The above video comes to us care of NFL Films and NFL Network.  As you know, NFL Films places microphones on coaches and players during games throughout the season, creating a “Sound FX” segment that gives viewers a great insight as to what really went down between the hash marks.  

If you start 40 seconds into the video above, you’ll see that Sherman approaches Crabtree after the game-ending play, pats him on the butt and says, “hell of a game.”  Crabtree’s response was to shove his hand in Sherman’s face.  

Someone in Crabtree’s corner knows a hell of a lot about excitedly greeting an opponent after you’ve beat them.  Remember when 49ers head coach Jim Harbaugh gave then-Lions head coach Jim Schwartz a bit of an aggressive good-game-smack on the chest back in 2011?  If your memory of the ensuing brawl is a bit fuzzy click this link to watch the video.

Many, many things were said about Harbaugh and Schwartz after that debacle, but one word I don’t recall hearing about either coach was “thug.”  

Sherman, on the other hand, has been absolutely hammered for his excited utterance into the lens of a Fox camera within seconds of earning his first trip to the Super Bowl (to be played against the Denver Broncos on Feb. 2).  

Thug, as defined by Merriam-Webster is “a violent criminal,” and “a brutal ruffian or assassin.”  

Deadspin posted a story showing usage of the word “thug” on television went through the roof on Monday, following the NFC title game Sunday evening.  The article even broke down usage of the word by television market.  In the least surprising part of the story, Boston led the nation in “thug” chatter, with WEEI radio’s good’ol boys Dennis & Callahan dropping a thug-bomb assault on their listeners during a discussion about Sherman.   Those dudes…SMH.  

So…. Harbaugh and Schwartz are jerks, loud mouths, out of control, etc.  Sherman is a thug (which by definition, is a murderer).  Why the distinction?

Common sense tells us that two of these things are not like the other.  The aforementioned coaches are white, and Sherman is black.  It’s a fairly simple (and upsetting) truth.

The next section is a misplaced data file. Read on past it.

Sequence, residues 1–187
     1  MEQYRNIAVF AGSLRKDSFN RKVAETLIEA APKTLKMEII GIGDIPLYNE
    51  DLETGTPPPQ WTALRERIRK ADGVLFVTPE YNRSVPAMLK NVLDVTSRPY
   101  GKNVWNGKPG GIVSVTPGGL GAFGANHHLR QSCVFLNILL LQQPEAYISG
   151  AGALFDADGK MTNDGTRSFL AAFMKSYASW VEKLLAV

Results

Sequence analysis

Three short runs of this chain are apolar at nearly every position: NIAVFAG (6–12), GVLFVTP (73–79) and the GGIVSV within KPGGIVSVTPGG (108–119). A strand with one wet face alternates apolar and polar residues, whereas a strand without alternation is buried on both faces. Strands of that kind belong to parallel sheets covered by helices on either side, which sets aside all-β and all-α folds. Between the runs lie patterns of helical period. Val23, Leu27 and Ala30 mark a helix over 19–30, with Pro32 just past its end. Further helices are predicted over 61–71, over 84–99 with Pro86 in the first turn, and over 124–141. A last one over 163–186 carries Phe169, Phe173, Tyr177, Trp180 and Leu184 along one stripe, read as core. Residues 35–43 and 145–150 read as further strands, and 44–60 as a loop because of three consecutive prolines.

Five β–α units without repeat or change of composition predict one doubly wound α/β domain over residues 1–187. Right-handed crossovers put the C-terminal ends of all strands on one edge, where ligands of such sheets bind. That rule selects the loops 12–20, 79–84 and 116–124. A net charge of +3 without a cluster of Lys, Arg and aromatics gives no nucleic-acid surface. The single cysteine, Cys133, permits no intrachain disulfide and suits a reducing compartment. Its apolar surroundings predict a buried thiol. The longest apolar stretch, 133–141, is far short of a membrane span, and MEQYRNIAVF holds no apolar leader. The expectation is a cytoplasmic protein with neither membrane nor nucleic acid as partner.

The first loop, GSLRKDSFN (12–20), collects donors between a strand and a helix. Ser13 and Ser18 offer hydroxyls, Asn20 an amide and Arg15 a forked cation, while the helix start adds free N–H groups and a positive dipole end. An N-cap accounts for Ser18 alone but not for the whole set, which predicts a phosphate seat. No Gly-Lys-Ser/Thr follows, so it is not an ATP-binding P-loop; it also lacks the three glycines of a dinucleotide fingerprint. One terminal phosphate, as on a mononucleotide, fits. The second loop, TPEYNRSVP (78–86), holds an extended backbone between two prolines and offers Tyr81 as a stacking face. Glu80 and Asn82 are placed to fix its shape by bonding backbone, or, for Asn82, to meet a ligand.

Richard Sherman agrees with that assessment and pointed out the hypocrisy in a recent press conference. 

Sherman said that some folks are now using “thug” as a substitute for the N-word, and by golly, he’s right!  When Sherman retires from football, he should immediately jump into the sports media business because he’s entertaining, intelligent, and comes up with great talking points.  

"There was a hockey game [Flames vs. Canucks] where they didn’t even play hockey,” Sherman said on the subject of his new “thug” label during the press conference.

"They just threw the puck aside and started fighting.  I saw that, and said, ‘Oh man, I’m the thug? What’s going on here?’"

Sadly, I think we all know the answer.  

imageimage

The sports world suffered a twitter-breaking case of shock and awe today with Deadspin’s piece detailing what appears to be the phony story concocted about the late girlfriend of Notre Dame star linebacker Manti Te’o.  While the American public and the media sure felt duped, one of Te’o’s teammates wasn’t surprised, telling PepperOnSports.com that the players on the Fighting Irish football team smelled something fishy back in September 2012. 

The Notre Dame football player, who asked for anonymity, told Pepper On Sports, “No we all knew he had only seen her once.  But when the media was saying how he went through both deaths we knew,”  said the source, referring to the back-to-back deaths of Te’o’s grandmother and girlfriend Lennay Kekua, who allegedly died of Leukemia. 

In defense of the Heisman Trophy candidate, the source said he believes the lie may have indeed started with somebody duping Te’o using a phony twitter account, and eventually, faking their own death.

Early in my conversation with the source, the Notre Dame player said, “He lied, but the media blew it up.”  In response to my follow-up question asking if the source thought that Te’o kept the story going because of the media attention, the player replied, “Yeah.  Right after the Michigan [State] game.  He should have never brought her in the media. His grandma passing was enough.” 

Notre Dame’s victory over Michigan State and subsequent media explosion appears to have been the turning point for the source and many of his teammates. 

The source said while the players discussed their suspicions amongst themselves, they never confronted Te’o.

“We would never bring it up.  But we would look at him when he would get all emotional during media about his girl,” the player said.

When asked if he thought Te’o was a good actor, the player replied, “Very good.”